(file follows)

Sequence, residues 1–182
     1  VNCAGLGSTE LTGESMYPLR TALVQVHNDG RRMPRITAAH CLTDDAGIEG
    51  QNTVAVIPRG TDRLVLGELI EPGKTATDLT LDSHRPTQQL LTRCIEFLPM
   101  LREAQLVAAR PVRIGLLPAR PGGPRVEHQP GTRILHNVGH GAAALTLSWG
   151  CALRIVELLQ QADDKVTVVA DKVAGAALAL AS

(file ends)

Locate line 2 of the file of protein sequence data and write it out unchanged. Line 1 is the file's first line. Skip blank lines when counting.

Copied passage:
     1  VNCAGLGSTE LTGESMYPLR TALVQVHNDG RRMPRITAAH CLTDDAGIEG